Leishmaniasis is a parasitic disease caused by several different species of protozoan parasites (Holakouie-Naieni et al., 2017), and there is no definitive treatment for this disease (Nilforoushzadeh et al., 2007). Two different hosts are required to complete the life cycle of the Leishmania parasite, where humans and some other mammals, especially canines (that also act as reservoirs), are the definitive hosts with sand flies belonging to the genus Phlebotomus in Old World and Lutzomyia in New World acting as intermediate hosts (Bates, 2007; Akhoundi et al., 2016; Bari and Rahman, 2016).
The least fatal form of the disease, cutaneous leishmaniasis (CL), is caused by Leishmania major and is the most common clinical form of disease in the Middle East. However, the disease affects an additional 60+ countries in tropical and subtropical regions (Jacobson, 2011). The global incidence is 0.7-1.2 million new cases per year worldwide (Alvar et al., 2012) and around 1.7 billion people are estimated to live in areas where leishmaniasis is common (Pigott et al., 2014). CL is a serious public health problem in many rural areas of Iran (Akhavan et al., 2010). A total number of 589,913 cases of CL was reported between 1998 and 2013, with the annual incidence of 30.9 per 100,000 in the Iranian population (Holakouie-Naieni et al., 2017). Isfahan Province in Iran is an endemic region for CL and the main vector with respect to humans is the Phlebotomus papatasi sand fly with the gerbil Rhombomys opimus being the main nonhuman reservoir (Yaghoobi-Ershadi et al., 2005; Yaghoobi-Ershadi, 2012). Distribution and abundance of vectors and reservoirs of this disease is affected by different climatic, socioeconomic and cultural factors (Desjeux, 2001; Mollalo et al., 2014). Moreover, unplanned urbanization and environmental changes such as irrigation, dam construction and desertification increase the risk of infection (WHO, 2008; Nilforoushzadeh et al., 2014).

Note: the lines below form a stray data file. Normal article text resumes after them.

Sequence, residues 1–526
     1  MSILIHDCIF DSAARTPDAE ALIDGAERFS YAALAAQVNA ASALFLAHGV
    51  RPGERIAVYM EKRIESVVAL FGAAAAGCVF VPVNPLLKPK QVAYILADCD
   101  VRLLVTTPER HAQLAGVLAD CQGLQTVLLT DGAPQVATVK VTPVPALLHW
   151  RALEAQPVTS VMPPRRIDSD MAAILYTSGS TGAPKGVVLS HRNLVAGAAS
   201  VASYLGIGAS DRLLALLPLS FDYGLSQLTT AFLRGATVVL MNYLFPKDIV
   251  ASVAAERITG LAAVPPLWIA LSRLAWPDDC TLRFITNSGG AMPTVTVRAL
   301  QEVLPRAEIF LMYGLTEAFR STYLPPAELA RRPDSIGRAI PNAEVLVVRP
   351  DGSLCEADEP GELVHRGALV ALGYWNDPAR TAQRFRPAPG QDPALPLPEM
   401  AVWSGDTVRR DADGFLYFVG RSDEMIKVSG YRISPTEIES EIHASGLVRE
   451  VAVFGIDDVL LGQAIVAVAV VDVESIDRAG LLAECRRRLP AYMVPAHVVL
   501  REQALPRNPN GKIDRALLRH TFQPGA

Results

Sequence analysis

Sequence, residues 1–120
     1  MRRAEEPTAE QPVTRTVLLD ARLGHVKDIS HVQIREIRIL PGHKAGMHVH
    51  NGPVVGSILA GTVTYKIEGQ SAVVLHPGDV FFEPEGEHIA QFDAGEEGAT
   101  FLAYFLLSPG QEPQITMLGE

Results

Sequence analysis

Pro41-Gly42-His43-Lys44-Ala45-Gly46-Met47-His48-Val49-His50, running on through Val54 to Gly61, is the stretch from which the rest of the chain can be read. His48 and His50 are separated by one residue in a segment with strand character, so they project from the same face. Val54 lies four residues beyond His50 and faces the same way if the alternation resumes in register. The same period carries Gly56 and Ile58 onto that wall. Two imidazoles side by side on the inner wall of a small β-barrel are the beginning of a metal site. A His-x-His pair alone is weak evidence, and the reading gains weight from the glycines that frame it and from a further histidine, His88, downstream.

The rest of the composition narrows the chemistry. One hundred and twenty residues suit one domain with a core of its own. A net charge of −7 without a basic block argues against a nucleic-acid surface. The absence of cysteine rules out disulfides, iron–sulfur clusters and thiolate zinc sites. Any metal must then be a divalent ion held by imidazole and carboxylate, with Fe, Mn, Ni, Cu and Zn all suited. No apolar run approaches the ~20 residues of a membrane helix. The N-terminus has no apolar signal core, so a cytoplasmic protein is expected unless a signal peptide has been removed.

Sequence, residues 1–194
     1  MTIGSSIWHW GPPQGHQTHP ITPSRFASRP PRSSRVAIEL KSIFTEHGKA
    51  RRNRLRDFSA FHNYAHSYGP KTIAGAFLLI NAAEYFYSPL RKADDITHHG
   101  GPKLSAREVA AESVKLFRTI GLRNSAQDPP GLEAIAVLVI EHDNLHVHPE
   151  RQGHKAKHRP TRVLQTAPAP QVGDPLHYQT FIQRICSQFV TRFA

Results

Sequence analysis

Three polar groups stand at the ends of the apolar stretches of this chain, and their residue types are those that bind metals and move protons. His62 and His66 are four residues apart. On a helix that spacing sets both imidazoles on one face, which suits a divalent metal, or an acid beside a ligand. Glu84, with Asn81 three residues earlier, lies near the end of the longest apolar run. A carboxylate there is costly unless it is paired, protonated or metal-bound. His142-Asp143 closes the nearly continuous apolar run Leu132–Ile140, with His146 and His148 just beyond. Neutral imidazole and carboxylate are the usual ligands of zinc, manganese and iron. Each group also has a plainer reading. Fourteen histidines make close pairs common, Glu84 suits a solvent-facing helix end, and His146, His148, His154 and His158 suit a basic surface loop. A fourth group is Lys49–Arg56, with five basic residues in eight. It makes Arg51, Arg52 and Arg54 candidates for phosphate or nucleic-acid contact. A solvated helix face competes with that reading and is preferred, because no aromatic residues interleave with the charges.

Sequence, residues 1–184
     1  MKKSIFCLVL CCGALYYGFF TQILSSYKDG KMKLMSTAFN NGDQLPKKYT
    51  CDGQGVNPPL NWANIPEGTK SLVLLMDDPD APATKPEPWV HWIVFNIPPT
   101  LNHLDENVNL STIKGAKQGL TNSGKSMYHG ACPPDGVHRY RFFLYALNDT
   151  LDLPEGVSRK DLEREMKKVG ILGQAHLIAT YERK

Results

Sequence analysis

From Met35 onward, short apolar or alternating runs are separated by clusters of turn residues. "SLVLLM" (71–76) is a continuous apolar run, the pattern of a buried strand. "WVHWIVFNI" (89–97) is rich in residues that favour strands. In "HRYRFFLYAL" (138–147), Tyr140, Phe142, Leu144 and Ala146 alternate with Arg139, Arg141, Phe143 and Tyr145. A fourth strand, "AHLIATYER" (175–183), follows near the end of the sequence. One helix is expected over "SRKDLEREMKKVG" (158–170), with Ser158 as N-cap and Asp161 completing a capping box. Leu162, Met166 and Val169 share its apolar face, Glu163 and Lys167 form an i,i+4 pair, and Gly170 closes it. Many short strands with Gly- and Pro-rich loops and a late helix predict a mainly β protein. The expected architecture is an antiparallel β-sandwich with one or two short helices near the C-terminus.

Recent advances in geographic information systems (GIS) and remote sensing (RS) have promoted the study of spatial epidemiology and environmental factors affecting the vector-borne diseases (Kassem et al., 2012). GIS can determine resource allocation and is a valuable approach in implementation of control measures (Barbosa et al., 2014). A number of epidemiological studies around the world have used GIS-based methods in risk mapping studies and identifying endemic area of diseases (Sudhakar et al., 2006; Bhunia et al., 2010; Salahi-Moghaddam et al., 2010; Mollallo et al., 2014, 2015; Rajabi et al., 2014; Hagenlocher and Castro, 2015). These techniques have been used for developing landscape predictors of sand fly abundance as an indicator of human vector contact. Bhunia et al. (2010) studied the effects of several topographic indexes on the prevalence of visceral leishmaniasis (VL) using GIS and RS. They investigated the relation between altitude, temperature, humidity, rainfall and the normalised difference vegetation index (NDVI) with the prevalence of the disease in the north-eastern Indian sub-continent, while Salahi- Moghaddam et al. (2010) studied VL in an endemic area of Iran using the GIS approach and Mollalo et al. (2014) focused on the relationship between the vegetation cover and occurrence of CL in Golestan Province in Iran based on satellite images.